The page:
Gone Girl Gone Wild: A Simple Favour Upends the ‘Missing Woman’ Thriller to Hilarious Effect

A Simple Favour

A Simple Favour is the most cleverly marketed film of the year. Watch a trailer or two and you’ll walk in expecting a thorny thriller in the vein of Gone Girl or The Girl on the Train. The kind of film that boasts unbelievable twists and unlikeable characters. And a tonne of style, too; just feast your eyes on this gorgeous poster, rendered in pastel colours and promising a fashion-forward aesthetic with more than hint of old-fashioned glamour. A Simple Favour might be directed by Paul Feig – responsible for Freaks and Geeks, Bridesmaids and, more recently, Ghostbusters – but the trailers tiptoe around this, promising a “darker side”.

The promise of the marketing doesn’t go unrealised. A Simple Favour is stylish, filled with twists, and certainly more than a few shades darker, tone-wise, than something like Bridesmaids. However, this marketing ingeniously obscures the true nature of A Simple Favour as a self-aware, genuinely funny spin on the overheated airport novel genre. This is an honest-to-goodness comedy; maybe not in the same way that Bridesmaids was a comedy, but undeniably full of laughs … with a razor-sharp edge.

I haven’t read Darcey Bell’s novel upon which the film is based, but if the reviews are anything to go by – and, hoo boy, don’t book reviewers like to spoil every last detail of a story! – it’s a pretty stock-standard, unapologetically ludicrous thriller. There are a few ways to adapt a story like this. First up, you’ve got the deadly serious take, à la Tate Taylor’s suffocatingly unappealing The Girl on the Train. Or you can follow David Fincher’s lead, cloaking your subject material in a veil of seriousness that gradually slips away to reveal an acerbic black comedy. Feig strikes a different path altogether, dialling up the camp – with the aid of able assistants Blake Lively and Anna Kendrick – and poking so much fun at its own silliness that it approaches self-parody …in a good way.

The story of A Simple Favour begins, as per its title, simply before becoming incredibly convoluted. The first half hour or so centres on the friendship between mousey single mum Stephanie Smothers (Kendrick) and PR executive Emily Nelson (Blake Lively), as sharp-tongued as she is sharply-dressed. They bond over martinis and secrets before Emily mysteriously disappears, and things shift into thriller mode. Stephanie goes full Nancy Drew, investigating Emily’s obscured past, her husband (Crazy Rich Asians’ Henry Golding), her employer (a flamboyant Rupert Friend) and sharing her findings on her mommy vlog.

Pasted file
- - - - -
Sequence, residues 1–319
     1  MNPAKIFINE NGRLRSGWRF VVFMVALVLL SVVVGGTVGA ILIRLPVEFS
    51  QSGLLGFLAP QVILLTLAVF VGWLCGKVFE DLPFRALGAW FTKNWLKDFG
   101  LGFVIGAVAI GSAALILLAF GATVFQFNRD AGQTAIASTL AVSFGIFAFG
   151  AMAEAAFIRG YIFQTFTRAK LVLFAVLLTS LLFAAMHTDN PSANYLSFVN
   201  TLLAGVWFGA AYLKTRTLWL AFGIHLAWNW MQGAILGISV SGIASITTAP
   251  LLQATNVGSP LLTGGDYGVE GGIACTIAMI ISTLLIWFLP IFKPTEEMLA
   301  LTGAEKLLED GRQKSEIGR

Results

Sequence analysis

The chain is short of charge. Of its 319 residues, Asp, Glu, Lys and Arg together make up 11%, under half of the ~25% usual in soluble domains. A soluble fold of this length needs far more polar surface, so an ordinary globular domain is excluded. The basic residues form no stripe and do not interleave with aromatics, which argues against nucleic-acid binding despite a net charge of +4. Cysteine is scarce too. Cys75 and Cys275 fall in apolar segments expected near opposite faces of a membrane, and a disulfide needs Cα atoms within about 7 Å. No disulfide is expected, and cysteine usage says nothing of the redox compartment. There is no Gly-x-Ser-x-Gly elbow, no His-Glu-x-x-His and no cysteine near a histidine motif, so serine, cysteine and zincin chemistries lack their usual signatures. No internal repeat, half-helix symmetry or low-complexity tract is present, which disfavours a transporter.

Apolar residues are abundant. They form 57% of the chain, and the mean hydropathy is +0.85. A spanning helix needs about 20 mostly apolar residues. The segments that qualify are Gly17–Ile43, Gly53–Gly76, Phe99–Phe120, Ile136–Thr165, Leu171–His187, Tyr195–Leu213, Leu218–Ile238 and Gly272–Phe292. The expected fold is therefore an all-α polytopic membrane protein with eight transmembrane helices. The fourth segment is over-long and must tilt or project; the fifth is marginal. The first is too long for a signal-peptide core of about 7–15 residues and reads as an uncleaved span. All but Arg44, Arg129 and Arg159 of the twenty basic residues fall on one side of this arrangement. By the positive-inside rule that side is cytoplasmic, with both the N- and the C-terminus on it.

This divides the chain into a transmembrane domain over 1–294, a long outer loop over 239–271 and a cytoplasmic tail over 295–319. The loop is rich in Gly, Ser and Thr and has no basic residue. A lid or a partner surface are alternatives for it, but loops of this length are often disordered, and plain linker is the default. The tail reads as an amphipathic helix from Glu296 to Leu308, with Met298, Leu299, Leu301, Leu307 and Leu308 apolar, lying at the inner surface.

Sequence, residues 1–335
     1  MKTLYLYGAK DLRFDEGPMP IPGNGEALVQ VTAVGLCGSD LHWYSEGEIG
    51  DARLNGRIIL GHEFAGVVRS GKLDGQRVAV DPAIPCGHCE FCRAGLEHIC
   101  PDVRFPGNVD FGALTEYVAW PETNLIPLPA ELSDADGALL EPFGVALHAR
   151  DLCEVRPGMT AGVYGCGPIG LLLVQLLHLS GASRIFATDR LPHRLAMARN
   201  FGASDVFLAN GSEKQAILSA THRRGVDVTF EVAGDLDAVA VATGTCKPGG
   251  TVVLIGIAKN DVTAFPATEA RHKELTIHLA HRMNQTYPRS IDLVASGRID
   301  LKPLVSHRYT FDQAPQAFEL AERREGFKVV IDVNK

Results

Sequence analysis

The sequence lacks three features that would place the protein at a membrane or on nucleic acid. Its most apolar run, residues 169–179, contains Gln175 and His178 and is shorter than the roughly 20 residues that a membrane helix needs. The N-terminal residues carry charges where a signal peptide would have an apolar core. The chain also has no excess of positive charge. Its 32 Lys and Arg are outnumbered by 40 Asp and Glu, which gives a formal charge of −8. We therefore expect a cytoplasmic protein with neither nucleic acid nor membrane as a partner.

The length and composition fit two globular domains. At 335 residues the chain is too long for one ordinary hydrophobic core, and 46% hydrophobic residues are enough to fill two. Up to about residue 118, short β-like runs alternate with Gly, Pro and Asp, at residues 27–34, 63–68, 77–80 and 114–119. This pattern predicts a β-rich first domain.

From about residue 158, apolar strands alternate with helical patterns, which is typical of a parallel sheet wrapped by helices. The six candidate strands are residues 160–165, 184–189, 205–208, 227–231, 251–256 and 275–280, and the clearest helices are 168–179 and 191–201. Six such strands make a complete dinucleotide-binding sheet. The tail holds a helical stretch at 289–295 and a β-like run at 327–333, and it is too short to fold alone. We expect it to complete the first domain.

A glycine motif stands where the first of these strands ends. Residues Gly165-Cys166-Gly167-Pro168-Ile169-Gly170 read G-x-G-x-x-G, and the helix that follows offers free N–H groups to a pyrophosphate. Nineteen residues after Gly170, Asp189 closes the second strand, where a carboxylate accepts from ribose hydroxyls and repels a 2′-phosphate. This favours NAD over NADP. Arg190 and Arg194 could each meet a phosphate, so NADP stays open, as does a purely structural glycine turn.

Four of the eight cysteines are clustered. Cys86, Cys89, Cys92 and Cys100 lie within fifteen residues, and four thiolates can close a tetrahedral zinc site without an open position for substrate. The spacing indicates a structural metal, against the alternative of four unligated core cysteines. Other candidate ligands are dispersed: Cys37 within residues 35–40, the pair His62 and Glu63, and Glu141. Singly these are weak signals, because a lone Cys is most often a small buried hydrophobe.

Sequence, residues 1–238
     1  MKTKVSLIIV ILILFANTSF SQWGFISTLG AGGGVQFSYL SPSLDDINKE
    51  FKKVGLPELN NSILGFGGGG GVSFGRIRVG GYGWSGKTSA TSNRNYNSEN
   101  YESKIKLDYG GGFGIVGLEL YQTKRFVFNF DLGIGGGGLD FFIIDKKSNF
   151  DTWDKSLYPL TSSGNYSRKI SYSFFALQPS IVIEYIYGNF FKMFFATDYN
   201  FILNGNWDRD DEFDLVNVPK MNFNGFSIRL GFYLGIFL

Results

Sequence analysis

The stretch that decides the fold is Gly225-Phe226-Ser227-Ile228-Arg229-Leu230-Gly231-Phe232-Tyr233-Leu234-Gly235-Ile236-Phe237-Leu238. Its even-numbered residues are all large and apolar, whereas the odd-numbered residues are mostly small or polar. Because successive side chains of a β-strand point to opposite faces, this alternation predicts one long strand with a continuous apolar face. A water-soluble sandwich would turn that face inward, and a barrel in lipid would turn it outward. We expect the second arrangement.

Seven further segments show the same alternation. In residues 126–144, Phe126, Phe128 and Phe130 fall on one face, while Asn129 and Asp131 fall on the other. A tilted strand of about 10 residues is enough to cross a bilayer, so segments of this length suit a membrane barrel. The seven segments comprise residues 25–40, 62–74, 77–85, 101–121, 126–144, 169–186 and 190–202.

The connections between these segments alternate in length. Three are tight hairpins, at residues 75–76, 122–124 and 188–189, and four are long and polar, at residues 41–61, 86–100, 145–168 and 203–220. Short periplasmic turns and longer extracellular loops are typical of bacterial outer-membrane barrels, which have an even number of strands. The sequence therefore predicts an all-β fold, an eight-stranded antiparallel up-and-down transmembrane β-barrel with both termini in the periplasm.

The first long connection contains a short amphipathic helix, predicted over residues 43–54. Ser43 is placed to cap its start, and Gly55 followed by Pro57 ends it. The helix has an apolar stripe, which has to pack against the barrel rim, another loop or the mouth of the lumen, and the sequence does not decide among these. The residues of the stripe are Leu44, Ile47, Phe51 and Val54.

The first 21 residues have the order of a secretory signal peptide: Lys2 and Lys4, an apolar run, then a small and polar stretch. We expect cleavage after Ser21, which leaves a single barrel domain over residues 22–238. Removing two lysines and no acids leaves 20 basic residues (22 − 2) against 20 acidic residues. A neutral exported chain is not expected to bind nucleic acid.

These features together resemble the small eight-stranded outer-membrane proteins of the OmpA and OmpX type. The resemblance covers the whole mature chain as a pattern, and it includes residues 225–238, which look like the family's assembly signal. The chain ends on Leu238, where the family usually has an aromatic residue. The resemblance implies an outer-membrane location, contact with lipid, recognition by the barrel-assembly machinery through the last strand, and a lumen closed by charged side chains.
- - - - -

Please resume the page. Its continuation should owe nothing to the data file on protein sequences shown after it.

The plot, adapted faithfully from Bell’s book, is at once beside the point and the entire point. The second act isn’t as purely funny as the first – though there are still plenty of laughs – but it is legitimately gripping, and even spooky, as you try and figure out what happened to Emily. As is often the case with these tales, the actual ‘what happened’ is the least interesting part; A Simple Favour’s only weak point is the ten or so minutes it spends unspooling the convoluted machinations that led to Emily’s disappearance. But thankfully, a no-holds-barred finale, favouring recalling Community’s “Conspiracy Theories and Interior Design” episode, acknowledges and celebrates the ridiculousness of Bell’s overheated plotting.

The pleasures of A Simple Favour extend beyond mysteries and jokes, however. Feig – who’s never struck me as an especially visual director in the past – has outdone himself here by adopting a classical, delightfully colourful aesthetic. The clothes, in particular, are fabulous; it’s rare to see a Hollywood film nowadays so unabashedly celebrate fashion outside of a period piece, while the cinematography and colour scheme consistently complement the costumes.

The real highlight, though, is Anna Kendrick. Don’t get me wrong, Lively is great too – spitting one-liners like it ain’t no thing – but Kendrick is asked to make an entirely implausible character not only realistic, but warm and likeable and funny. She succeeds with flying colours; much like Dakota Johnson in Fifty Shades of Grey, there’s a twinkle in her eye that tells you how much fun she’s having with the material. With a lesser actress in the lead, the film would’ve fallen apart, but Kendrick makes it sing. (No, not literally; this isn’t another Pitch Perfect.) Honestly, it’s the kind of performance that warrants Oscar attention it almost certainly won’t receive.

A Simple Favour is that rare beast of a film that manages to take a familiar genre and make it feel fresh. It’s a gripping thriller, a stylish drama and a hilarious comedy; do yourself a favour and go see it.

4 stars

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